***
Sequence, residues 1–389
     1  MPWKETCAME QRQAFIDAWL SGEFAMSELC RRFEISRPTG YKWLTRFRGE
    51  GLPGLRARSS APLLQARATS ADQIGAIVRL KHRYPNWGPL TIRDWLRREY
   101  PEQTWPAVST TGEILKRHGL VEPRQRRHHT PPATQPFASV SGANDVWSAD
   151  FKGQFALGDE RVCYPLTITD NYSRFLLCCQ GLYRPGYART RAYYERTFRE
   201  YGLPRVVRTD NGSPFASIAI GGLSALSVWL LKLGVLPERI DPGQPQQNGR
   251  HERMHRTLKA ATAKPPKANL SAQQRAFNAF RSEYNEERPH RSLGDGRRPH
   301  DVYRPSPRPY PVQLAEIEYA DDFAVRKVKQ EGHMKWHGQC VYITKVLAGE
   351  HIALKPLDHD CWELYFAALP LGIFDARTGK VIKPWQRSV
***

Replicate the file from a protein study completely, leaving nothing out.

Sequence, residues 1–389
     1  MPWKETCAME QRQAFIDAWL SGEFAMSELC RRFEISRPTG YKWLTRFRGE
    51  GLPGLRARSS APLLQARATS ADQIGAIVRL KHRYPNWGPL TIRDWLRREY
   101  PEQTWPAVST TGEILKRHGL VEPRQRRHHT PPATQPFASV SGANDVWSAD
   151  FKGQFALGDE RVCYPLTITD NYSRFLLCCQ GLYRPGYART RAYYERTFRE
   201  YGLPRVVRTD NGSPFASIAI GGLSALSVWL LKLGVLPERI DPGQPQQNGR
   251  HERMHRTLKA ATAKPPKANL SAQQRAFNAF RSEYNEERPH RSLGDGRRPH
   301  DVYRPSPRPY PVQLAEIEYA DDFAVRKVKQ EGHMKWHGQC VYITKVLAGE
   351  HIALKPLDHD CWELYFAALP LGIFDARTGK VIKPWQRSV